And if you were to talk about Pinot Noir in the same way?
So Pinot Noir for me also leans more towards Oregon, but it’s very much this elegant style of wine, with great acidity, great freshness, beautiful purity of fruit and balance. There’s not a pursuit of, I’ll call big extraction wines yet.
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In terms of Elgin as a wine region, it’s a fairly small region, isn’t it?
Yeah. Elgin’s tiny, I mean we only have 600 hectares of vines here plus or minus, in total about 30 brands. So not a lot of guys. The fantastic thing about it though is I would say 99% of those hectares are all about quality production.
And in terms of the story of South African wine, maybe give us a little bit of a background on where the South African wine industry has evolved to.
South Africa has been making wine for well over 350 years. So winemaking has been synonymous with the Cape ever since the first Europeans came here. And it’s gone through an evolution. So at one stage it was one of the biggest suppliers of wines to the UK, that completely dropped off. It came back again and the South African wine industry really took off again post-apartheid with almost the new dawn of South Africa, even in the international environment. And that allowed not only South African wines to move into the international world, but South African winemakers to learn from international winemaking techniques and really improve the style and quality of wine growing in South Africa. So if you were to ask me what’s the most significant thing that’s happened in the South African wine industry over the last 30 years, it’s been an improvement in quality. That that international exposure and the growth of the South African wine industry has been tremendous.
And talk a little bit about your personal philosophy of viticulture and winemaking.
So for us, growing, first we believe we grow great wine, we don’t make it in the winery. It’s about sustainable production. As mentioned, we’ve been here for four generations. We’d like many, many more generations to be here. So we want to do this in harmony with nature. So it’s really for us how can we produce these grapes and then we want these grapes to reflect our area. We believe part of that reflection is producing wines of elegance and balance. And then very much in the winery it’s taking that and putting it in the bottle with minimal intervention. So it’s not for us about producing these big oaky style wines or highly extracted wines or highly batonnage styles where it’s more about the winemaker rather than the actual raw product of the grain.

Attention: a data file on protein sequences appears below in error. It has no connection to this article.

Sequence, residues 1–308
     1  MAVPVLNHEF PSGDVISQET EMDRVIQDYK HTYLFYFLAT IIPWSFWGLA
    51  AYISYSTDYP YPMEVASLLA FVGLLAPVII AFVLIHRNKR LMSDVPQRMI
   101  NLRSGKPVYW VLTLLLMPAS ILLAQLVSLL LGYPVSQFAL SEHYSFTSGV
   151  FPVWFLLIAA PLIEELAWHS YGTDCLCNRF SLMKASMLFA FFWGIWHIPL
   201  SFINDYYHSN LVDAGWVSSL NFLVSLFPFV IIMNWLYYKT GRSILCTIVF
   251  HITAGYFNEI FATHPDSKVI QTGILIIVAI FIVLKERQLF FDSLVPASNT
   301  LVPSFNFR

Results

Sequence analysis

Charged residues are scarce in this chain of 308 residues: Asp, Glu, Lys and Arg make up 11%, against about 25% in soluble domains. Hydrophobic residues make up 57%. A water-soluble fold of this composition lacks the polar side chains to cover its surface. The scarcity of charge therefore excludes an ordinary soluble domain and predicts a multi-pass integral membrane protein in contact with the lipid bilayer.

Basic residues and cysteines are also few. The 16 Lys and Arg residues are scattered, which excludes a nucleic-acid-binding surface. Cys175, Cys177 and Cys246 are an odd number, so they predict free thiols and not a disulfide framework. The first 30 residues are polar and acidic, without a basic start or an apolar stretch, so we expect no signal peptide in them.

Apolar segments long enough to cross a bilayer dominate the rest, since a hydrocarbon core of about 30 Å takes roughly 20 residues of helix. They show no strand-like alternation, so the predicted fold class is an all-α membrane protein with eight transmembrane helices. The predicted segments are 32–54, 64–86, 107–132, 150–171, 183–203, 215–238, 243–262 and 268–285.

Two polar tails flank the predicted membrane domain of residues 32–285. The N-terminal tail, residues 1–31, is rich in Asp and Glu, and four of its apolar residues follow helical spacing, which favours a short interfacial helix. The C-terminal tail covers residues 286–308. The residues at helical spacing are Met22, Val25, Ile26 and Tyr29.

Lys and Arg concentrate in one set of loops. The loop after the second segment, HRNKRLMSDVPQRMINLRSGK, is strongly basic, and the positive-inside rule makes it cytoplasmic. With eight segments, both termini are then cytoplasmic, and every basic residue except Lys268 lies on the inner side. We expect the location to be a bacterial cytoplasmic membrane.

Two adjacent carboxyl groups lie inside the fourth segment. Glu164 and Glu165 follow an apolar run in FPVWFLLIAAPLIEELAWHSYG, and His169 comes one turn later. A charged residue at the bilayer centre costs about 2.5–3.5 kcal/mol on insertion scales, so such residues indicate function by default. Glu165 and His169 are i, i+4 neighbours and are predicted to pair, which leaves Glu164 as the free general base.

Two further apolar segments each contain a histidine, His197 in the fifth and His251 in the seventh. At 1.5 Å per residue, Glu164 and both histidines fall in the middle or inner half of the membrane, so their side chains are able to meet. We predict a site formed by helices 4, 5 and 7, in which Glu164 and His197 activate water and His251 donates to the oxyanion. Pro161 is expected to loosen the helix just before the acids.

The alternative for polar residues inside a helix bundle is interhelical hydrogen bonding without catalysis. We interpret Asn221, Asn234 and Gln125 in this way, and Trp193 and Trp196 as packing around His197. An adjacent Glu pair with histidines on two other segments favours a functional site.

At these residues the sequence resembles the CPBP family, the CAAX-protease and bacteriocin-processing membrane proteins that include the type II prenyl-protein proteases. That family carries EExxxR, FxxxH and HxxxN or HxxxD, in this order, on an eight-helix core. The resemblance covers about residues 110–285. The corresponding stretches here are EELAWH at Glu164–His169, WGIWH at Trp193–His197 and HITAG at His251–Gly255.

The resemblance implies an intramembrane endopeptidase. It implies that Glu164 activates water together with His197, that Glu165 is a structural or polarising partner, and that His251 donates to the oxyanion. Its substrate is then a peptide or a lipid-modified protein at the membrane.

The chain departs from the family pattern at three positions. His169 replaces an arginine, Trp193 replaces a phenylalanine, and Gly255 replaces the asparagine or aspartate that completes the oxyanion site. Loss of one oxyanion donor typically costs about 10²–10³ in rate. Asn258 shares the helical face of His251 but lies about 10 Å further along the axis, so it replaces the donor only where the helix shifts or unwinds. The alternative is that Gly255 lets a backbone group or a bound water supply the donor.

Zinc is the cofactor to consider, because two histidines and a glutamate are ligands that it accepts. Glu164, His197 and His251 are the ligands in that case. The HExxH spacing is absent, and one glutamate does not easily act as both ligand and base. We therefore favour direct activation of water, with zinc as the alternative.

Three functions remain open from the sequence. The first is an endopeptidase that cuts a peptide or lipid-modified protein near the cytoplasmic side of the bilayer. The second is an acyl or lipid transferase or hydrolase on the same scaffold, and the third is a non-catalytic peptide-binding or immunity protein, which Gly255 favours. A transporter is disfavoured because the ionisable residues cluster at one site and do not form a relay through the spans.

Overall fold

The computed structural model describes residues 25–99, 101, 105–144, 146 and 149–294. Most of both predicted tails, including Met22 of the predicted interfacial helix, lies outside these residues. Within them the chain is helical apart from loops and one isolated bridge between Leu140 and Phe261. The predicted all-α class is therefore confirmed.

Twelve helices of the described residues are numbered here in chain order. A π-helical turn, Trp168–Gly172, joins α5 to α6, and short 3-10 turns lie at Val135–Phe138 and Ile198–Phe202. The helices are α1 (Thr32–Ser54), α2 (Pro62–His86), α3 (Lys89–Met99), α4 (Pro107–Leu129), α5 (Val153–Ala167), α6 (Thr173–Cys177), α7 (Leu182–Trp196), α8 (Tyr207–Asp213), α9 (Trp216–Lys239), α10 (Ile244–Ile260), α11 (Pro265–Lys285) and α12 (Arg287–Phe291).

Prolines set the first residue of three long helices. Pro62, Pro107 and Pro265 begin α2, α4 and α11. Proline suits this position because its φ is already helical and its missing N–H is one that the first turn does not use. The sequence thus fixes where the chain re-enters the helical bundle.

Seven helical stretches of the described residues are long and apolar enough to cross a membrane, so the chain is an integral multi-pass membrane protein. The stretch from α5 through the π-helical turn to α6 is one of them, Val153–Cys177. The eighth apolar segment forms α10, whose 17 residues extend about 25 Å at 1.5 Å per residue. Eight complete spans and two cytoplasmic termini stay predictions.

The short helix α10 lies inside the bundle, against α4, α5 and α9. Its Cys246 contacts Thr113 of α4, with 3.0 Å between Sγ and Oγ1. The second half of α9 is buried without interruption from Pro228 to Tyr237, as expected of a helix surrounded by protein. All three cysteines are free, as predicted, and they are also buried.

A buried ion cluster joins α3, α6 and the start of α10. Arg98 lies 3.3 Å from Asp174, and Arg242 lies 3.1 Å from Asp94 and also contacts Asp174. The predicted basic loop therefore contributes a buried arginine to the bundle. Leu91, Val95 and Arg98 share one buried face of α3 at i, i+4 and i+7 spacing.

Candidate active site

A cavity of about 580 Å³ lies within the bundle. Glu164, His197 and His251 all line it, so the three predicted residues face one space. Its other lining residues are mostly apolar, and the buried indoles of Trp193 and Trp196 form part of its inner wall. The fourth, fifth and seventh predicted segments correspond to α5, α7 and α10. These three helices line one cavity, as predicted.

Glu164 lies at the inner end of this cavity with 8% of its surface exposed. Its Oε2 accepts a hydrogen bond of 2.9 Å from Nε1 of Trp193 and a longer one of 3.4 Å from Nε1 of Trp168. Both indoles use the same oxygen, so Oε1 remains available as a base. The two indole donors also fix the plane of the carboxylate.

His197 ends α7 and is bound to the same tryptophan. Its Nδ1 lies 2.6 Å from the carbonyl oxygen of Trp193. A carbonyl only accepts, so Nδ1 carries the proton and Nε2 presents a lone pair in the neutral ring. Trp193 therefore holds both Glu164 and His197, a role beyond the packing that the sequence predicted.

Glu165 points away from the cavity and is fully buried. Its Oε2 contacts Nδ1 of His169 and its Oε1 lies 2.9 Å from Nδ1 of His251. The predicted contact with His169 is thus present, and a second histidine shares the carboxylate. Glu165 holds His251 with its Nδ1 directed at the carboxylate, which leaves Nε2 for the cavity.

In terms of where South Africa needs to get to, to have more of an international profile, what do you think the South African wine industry needs to do?
We need more guys like you. We need more people to tell the story of South African wines. I have not found anyone yet who has tried South African wines who's been disappointed. Especially if you start moving up to the wines, anything from $15 up. The price quality ratio of South African wines I would say almost always exceeds expectation.
With South Africa's apartheid past, how has the wine industry evolved to create more diversity within its group of winemakers?
The industry as a whole is investing a significant amount of money, time, effort in developing a wide range of wine producers. I think it takes time. As you may know, it doesn't matter where in the world you are, starting a winery from scratch is an expensive and time consuming enterprise. So we would love for more people to enter the industry. I think the industry is welcoming anyone who wants to be part of it. And we've seen some young black winemakers coming through that are very, very exciting and promising.
And in terms of Elgin, it's known as an apple producing region. And you produce apples as well.
So how is it juggling apples and grapes? Are they very different businesses?
I think the one thing that the apple industry helps with when it comes to growing grapes is its attention to detail. In the apple industry, a blemish on the fruit will devalue it by 90%. And that fruit culture has actually been carried over into the grape growing and what you are seeing is a phenomenal attention to detail, which is fantastic. So I think there's a lot of synergy that takes place between the two industries.
For more on Elgin, check out our interview with Richard Kershaw.
Photography and videography by Piers Parlett